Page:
Born in approximately 2004, Elvis was one of over 1900 wild horses captured during the devastating Bureau of Land Management roundup in the Calico Mountains Complex of Nevada.
After a grueling helicopter stampede on Jan. 20th, 2010, Elvis was chased into the trap and lost his freedom forever. Exhausted, confused and without his family by his side, we can only imagine what he was experiencing.
When it was time for Elvis was to be sold to the highest bidder through the devastating sale authority amendment to the Wild and Free Roaming Horses and Burros Act, Return to Freedom supporters were able to secure Elvis, and 18 other wild stallions as well as 80 mares. After these wild horses lost their freedom, their families, and their homes, we had to do what we could to give them back a little of the freedom that they had lost.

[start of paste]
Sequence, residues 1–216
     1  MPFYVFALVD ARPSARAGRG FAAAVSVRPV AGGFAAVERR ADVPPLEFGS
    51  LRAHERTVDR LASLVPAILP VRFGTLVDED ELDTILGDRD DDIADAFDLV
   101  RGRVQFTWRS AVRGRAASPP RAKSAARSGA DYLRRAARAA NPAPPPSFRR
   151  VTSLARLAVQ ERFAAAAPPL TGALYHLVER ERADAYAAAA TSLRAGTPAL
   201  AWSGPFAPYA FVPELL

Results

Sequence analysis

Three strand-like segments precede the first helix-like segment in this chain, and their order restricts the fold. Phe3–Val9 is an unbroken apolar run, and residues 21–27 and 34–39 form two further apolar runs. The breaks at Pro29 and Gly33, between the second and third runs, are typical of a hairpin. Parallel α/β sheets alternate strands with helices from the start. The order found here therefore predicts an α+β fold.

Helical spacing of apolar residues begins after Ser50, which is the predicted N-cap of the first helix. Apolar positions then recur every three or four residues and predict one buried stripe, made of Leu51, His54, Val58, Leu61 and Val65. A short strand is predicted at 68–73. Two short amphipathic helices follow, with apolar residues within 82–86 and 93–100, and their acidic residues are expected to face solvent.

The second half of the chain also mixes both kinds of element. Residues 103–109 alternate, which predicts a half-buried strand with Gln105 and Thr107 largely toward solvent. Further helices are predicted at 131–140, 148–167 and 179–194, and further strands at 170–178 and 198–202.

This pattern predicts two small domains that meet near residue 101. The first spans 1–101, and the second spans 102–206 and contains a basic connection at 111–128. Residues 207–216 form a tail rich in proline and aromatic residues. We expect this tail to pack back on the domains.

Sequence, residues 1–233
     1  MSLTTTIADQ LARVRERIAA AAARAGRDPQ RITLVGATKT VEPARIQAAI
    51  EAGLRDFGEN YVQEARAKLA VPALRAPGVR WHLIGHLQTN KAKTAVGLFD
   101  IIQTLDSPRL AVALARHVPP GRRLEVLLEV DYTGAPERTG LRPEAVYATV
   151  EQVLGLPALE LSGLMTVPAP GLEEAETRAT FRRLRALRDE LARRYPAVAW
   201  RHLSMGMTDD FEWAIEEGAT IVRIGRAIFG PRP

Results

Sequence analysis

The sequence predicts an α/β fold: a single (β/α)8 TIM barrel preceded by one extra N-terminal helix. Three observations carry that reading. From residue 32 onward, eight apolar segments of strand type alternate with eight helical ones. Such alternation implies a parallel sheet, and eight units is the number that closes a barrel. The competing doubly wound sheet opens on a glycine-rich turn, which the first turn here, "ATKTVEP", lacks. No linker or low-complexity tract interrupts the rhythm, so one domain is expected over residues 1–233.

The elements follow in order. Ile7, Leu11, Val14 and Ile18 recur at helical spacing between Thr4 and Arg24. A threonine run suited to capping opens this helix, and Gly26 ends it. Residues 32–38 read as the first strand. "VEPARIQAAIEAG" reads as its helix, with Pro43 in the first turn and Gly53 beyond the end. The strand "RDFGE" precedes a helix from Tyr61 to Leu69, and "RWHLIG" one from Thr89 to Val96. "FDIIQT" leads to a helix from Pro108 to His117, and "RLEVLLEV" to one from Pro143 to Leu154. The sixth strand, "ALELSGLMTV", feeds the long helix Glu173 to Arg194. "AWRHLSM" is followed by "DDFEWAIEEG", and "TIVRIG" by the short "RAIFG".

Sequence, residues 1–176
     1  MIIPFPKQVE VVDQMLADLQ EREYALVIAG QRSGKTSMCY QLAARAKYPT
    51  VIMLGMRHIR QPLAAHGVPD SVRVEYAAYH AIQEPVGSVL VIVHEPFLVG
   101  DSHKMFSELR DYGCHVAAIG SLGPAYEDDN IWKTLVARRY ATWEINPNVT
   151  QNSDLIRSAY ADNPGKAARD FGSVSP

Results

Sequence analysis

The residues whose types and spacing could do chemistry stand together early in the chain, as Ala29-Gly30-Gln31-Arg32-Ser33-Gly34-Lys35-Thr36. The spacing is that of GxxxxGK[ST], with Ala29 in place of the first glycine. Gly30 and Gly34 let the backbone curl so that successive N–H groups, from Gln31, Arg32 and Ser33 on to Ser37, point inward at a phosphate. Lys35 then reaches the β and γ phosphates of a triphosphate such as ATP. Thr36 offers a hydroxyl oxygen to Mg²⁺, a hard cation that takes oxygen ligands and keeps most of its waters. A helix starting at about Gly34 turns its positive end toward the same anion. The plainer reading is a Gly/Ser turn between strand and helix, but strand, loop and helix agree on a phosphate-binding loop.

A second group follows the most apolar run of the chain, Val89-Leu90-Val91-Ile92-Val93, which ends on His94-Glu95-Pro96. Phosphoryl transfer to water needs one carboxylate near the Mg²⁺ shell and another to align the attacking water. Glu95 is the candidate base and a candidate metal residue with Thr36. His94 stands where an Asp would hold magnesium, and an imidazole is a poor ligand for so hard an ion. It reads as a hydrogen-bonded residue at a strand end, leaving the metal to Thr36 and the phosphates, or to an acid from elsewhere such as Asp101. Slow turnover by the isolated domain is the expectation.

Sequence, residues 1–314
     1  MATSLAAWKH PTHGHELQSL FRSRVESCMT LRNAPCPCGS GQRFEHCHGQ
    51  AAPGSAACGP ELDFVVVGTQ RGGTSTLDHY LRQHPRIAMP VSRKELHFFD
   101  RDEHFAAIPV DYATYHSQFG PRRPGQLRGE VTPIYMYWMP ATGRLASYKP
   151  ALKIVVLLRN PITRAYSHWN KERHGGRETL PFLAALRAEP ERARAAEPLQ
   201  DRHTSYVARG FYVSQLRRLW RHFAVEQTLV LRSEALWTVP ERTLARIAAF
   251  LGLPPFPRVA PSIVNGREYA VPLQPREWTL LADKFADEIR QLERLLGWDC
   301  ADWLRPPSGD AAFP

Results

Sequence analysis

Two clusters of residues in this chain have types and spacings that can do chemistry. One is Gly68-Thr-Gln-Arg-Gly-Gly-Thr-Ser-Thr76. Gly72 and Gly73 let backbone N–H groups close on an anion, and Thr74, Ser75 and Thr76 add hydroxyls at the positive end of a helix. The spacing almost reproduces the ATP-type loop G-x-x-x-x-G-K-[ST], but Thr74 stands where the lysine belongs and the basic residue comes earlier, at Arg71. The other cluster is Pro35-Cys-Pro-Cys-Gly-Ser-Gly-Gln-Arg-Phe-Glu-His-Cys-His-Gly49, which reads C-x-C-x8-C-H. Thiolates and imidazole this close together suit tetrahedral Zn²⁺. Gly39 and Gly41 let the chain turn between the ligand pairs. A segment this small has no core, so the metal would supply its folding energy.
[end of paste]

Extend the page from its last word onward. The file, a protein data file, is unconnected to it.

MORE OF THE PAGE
At the sanctuary, Elvis has become more trusting of humans over the years but is a bit of a loner among the other stallions and prefers to avoid conflict.
For generations, descendants of cavalry and ranch horses have survived in the remote and challenging habitat of the Calico Mountains. They have adapted to this environment and returned to a natural state. These stout horses are a vital link to our Great Basin heritage.